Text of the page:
Tonight was my first time playing Fiasco, which is one of the games I wanted to play this year. My wife and I sat down with our son and two youngest daughters (ages 13 to 17) and made it through Act 1 before it was time for some of the players to get ready for bed.
It was a lot of fun and I can’t wait to get to Act 2 (I think it took a bit longer because we were learning the game). We played the Antarctic playset. The setting is a russian icebreaker being used for tourist runs to the South Pole. We have an alcoholic captain, his sworn enemy the first mate, an eco-terrorist transexual dancer, and two members of a quasi-christian religious sect who believe the second coming will be at the South Pole. After only one act we already have a dead body, an internet feud turned cricket bat assault, and a trained bear running loose on the ship. Good times. I’ll let you know how it turns out.
So, I’m back after a three month life hiatus. Still running three campaigns when schedules align and we are able to play. But my World of Darkness campaign is entering the home stretch and it’s time to think seriously about what’s next for this (my oldest) game group.
A few months back we had a productive online discussion about what people preferred to play and what we might do after WoD. Most of us agreed that we preferred long-form campaigns that allow for character and plot development, perhaps with occasional breaks to do shorter (2-ish session) games. One logical choice would be returning to the D&D 3.5 Eberron campaign that we left off a couple of years ago.
This is/was a largely homebrewed campaign, though I used published modules for the early levels. I’m both excited and daunted by the prospect of resuming it — which will mean figuring out the details of the next chapter of the story, fleshing out NPCs, etc. The part that makes it especially daunting is that I can’t locate electronic copies of my old notes, session summaries, etc. I have a couple other places I can look, but I think migration to newer computers, websites for managing my gaming stuff, etc. has resulted in their loss.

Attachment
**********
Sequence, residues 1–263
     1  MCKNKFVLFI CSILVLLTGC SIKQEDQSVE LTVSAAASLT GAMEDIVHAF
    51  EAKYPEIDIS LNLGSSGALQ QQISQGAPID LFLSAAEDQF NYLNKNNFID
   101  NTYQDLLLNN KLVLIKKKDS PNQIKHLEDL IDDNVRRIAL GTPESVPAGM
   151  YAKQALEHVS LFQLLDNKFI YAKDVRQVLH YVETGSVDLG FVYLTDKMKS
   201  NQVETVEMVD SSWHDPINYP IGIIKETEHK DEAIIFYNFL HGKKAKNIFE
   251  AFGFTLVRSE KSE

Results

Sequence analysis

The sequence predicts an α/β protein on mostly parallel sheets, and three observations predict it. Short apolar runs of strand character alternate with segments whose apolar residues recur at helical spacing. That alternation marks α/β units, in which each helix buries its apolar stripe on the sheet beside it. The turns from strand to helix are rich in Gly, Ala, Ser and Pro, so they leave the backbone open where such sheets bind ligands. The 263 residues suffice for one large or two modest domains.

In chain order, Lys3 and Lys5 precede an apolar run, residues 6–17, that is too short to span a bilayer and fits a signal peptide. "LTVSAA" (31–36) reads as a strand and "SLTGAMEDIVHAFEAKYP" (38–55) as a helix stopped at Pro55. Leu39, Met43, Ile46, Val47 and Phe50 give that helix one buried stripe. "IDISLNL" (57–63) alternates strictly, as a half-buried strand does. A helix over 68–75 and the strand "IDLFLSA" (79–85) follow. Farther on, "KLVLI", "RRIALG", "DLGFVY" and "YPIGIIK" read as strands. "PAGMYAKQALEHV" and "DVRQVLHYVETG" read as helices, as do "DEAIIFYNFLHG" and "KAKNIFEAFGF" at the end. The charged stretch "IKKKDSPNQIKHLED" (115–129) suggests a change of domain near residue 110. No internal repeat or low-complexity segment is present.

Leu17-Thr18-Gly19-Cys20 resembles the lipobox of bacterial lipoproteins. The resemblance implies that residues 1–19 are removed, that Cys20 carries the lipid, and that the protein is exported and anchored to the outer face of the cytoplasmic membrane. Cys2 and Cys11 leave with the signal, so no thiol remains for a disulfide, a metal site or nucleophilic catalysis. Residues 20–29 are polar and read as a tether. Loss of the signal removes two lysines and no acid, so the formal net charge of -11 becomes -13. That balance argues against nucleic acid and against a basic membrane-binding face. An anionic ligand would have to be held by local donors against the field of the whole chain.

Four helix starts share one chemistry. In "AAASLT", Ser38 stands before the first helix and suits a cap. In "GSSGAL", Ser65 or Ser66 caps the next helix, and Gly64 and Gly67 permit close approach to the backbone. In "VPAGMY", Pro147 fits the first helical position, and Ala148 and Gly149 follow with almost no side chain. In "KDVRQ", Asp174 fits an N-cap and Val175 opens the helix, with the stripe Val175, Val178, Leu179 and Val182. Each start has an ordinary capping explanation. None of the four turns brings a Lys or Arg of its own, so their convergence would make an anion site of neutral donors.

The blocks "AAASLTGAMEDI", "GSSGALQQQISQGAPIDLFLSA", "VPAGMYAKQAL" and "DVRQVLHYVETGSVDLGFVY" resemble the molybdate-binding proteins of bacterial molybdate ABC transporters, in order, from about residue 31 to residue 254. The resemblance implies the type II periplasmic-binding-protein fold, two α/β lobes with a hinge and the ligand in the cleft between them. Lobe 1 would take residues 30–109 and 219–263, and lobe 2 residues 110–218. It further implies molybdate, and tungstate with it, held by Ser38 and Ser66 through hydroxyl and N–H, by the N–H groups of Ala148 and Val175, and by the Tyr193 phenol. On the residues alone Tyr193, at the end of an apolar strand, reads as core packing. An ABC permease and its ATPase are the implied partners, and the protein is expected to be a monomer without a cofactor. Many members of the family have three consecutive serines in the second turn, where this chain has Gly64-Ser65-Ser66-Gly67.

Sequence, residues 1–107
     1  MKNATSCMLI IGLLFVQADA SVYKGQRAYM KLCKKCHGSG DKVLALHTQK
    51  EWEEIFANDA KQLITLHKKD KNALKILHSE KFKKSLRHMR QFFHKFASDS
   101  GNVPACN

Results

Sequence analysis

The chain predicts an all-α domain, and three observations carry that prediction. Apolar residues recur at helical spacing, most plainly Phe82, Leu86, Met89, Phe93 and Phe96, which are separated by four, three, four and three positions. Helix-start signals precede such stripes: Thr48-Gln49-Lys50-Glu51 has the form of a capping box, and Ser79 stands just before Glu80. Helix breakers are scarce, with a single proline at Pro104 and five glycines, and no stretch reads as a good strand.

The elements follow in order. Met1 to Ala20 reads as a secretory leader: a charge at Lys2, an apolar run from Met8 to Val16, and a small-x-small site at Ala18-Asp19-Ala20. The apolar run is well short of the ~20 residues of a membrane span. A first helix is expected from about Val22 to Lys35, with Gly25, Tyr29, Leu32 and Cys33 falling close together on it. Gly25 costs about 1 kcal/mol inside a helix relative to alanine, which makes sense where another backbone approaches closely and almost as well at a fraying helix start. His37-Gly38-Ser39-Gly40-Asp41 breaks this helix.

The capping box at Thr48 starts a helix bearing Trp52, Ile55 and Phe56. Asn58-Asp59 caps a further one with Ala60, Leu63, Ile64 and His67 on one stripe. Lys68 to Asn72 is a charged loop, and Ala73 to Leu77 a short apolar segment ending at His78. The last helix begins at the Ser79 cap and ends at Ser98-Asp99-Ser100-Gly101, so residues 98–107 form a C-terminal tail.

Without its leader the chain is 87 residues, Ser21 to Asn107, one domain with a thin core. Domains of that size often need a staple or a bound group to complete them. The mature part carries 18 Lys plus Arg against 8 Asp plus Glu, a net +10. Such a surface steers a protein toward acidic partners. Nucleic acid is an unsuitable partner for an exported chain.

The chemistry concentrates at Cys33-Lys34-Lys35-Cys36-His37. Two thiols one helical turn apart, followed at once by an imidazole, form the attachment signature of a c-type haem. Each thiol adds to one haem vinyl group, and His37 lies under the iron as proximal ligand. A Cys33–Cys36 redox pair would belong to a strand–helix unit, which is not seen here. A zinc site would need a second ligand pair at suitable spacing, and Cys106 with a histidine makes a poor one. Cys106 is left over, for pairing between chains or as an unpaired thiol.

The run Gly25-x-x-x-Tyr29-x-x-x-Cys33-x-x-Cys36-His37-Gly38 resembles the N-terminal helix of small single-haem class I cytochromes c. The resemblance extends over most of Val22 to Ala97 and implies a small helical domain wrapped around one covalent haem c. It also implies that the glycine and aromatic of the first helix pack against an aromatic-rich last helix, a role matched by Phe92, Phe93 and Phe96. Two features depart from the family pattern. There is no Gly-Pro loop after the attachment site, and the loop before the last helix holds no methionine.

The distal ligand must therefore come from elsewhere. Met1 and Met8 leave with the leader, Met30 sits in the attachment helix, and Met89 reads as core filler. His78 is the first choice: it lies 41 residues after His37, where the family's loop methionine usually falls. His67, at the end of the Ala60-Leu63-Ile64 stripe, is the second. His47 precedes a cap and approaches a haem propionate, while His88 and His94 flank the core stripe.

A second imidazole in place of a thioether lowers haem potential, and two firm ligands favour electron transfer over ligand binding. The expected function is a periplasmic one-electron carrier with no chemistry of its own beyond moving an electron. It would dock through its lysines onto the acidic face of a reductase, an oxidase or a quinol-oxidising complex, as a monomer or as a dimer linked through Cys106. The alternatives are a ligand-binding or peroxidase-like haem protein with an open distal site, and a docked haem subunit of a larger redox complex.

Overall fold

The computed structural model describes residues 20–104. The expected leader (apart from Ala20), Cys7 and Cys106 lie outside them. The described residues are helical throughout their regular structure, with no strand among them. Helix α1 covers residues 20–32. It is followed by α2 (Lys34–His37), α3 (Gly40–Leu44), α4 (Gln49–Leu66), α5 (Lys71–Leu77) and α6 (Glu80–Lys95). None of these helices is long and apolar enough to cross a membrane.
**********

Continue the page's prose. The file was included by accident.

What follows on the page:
If I’m right I’m going to try to look at this as an opportunity to not be too constrained by the past. It’s a game after all, not a novel; breaches of continuity are not the end of the world, particularly when this much time has passed in real life. Wish me luck.
Have you had the experience of resurrecting an old campaign with limited documentation? How did you handle it?
Among the games I’m currently running is a D&D 3.5 campaign with only two players — my wife and our son (they are each running two PC’s). Both because there are only two players, and because the module I’m using (Expedition to the Ruins of Castle Greyhawk) presents a rich urban setting with lots of NPCs, I’m facing the prospect of having to role play potentially dozens of recurring NPCs.
To help myself out, and hopefully avoid lots of “so and so, says . . .” I’m trying something new. For each major NPC I’m preparing an index card. One side has the NPC’s name and a picture (some are illustrations from the module that I was able to download, some are photos of celebrities or random people I found online that I decided had similar looks). Whenever I start speaking as one of these characters I will simply hold up the card with the name and picture facing the players so they know whom they are talking to.
The back of each card will have brief character notes for me. In many cases this will include a simple character quirk that I can role play (though with this many NPCs I don’t want all of them to talk or act funny).
What do folks think of this approach? How have you managed (or seen DM’s manage) lots of NPCs?